Marking the 50th Anniversary of the 16th Street Baptist Church Bombing

IMG_8109 LR MOD- hi rez

 

Today we look back and remember the Birmingham Church Bombing that occurred at the 16th Street Baptist Church in Birmingham, Alabama on September 15,1963. The three-story all Black Church, had been a rallying point for the Civil Rights Movement which made it a prime target for the Ku Klux Klan. The church was used as a meeting-place for civil rights leaders such as Martin Luther King, Jr., Ralph David Abernathy and Fred Shuttlesworth. Birmingham was a hot bed for violence during the Civil Rights Era. In fact the city had been dubbed with the nickname Bombingham as the city had experienced more than 50 bombings in black institutions and homes since World War I.

Four young girls were killed in the racial attack that took place on that Sunday before Church services, and twenty-two others were injured.

bygygyu

Addie Mae Collins (age 14), Denise McNair (age 11), Carole Robertson (age 14), and Cynthia Wesley (age 14)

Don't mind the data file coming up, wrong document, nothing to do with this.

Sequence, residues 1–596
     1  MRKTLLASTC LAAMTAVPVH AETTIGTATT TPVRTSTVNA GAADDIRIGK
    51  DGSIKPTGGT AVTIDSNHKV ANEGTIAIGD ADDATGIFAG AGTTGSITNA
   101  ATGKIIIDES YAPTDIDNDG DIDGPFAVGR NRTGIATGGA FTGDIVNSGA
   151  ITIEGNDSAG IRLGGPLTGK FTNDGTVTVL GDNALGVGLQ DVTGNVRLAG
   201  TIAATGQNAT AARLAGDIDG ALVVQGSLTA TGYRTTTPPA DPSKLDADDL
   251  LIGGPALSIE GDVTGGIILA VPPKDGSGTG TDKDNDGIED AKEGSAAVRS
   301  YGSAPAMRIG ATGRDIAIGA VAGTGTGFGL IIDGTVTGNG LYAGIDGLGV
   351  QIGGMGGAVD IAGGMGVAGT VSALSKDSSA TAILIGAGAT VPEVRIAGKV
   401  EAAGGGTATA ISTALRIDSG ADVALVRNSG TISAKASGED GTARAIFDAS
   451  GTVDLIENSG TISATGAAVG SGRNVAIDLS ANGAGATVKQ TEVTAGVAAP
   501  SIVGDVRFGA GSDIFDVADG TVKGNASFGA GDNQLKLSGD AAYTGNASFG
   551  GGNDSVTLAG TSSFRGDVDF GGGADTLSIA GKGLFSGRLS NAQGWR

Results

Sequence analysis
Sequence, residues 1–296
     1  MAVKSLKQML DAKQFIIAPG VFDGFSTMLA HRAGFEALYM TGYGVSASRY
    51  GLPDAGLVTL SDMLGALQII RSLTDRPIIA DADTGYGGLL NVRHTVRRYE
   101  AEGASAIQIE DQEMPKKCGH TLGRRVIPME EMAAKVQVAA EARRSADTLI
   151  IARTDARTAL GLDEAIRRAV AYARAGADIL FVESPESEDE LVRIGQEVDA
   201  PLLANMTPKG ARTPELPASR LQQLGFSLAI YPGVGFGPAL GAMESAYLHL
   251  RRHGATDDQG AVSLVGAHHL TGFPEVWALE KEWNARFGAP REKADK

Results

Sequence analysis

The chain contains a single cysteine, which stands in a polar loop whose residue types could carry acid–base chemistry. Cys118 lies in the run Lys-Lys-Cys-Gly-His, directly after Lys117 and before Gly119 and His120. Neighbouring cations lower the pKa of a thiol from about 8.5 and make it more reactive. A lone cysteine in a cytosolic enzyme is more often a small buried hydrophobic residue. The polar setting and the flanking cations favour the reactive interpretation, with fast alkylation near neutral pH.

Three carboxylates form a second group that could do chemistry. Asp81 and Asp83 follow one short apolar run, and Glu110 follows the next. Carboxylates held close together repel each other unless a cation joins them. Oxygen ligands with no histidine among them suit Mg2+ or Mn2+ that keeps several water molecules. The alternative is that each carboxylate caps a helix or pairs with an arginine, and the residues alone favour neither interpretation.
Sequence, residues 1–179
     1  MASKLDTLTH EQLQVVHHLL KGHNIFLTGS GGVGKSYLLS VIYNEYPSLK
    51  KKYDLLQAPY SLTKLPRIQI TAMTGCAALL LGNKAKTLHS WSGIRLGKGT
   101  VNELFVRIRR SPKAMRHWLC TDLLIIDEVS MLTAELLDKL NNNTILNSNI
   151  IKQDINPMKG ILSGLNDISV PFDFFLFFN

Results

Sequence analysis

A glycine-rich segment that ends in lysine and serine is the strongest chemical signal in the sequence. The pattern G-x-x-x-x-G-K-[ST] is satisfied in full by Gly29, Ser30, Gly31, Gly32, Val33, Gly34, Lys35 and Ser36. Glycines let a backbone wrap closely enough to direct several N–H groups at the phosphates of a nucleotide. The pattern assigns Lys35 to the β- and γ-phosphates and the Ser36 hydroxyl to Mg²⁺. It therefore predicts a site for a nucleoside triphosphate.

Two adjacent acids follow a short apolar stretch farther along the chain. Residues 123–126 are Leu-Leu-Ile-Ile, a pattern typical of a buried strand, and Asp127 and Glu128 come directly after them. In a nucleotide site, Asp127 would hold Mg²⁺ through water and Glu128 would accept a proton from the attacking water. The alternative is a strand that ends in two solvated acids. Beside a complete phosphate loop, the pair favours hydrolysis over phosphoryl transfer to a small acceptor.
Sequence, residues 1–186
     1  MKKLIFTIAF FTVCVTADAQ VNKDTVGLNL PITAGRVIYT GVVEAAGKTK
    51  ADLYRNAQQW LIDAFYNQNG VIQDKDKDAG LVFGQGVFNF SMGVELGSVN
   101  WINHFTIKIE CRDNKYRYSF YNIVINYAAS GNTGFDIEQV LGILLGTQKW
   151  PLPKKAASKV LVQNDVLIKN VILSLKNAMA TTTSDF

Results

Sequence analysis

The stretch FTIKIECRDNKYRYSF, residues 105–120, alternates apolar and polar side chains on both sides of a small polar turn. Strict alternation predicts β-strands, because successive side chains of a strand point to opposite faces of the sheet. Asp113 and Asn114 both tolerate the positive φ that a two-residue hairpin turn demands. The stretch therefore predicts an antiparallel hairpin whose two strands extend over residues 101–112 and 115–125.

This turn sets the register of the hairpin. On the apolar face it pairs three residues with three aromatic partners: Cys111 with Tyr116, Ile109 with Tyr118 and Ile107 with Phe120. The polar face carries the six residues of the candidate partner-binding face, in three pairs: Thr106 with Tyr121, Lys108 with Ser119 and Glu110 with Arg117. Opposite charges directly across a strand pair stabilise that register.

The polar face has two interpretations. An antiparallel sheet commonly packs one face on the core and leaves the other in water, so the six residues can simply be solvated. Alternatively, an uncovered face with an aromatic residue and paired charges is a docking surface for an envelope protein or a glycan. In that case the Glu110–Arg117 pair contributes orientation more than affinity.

Russel Goldman sites in his article for ABC News:

At a memorial service for the girls, three days after the blast, Martin Luther King Jr., said, “These children — unoffending, innocent, and beautiful — were the victims of one of the most vicious and tragic crimes ever perpetrated against humanity.”

A time-line and pictures of the event can be found on CNN U.S.. As stated on Wikipedia “In the early morning of Sunday, September 15, 1963, Bobby Frank Cherry, Thomas Blanton,[1]Herman Frank Cash, and Robert Chambliss, members of United Klans of America, a Ku Klux Klan group, planted a box of dynamite with a time delay under the steps of the church, near the basement.  At about 10:22 a.m., twenty-six children were walking into the basement assembly room to prepare for the sermon entitled “The Love That Forgives,” when the bomb exploded.”.

Robert Chambliss, Thomas E. Blanton Jr, Herman Cash, and Bobby Frank Cherry were the men accused of perpetrating the heinous attack.  All four were members of the Klan. Although an investigation of the bombing was opened at the time of the event, due to the racial era, not much was done and the case was dropped. Alabama Attorney General Bill Baxley reopened the investigation in 1971. He said it took him half a decade to bring charges against suspect Robert Chambliss, because the FBI refused to cooperate for years. The case was then closed again, but then re-opened in 1996 by the FBI due to receiving new evidence.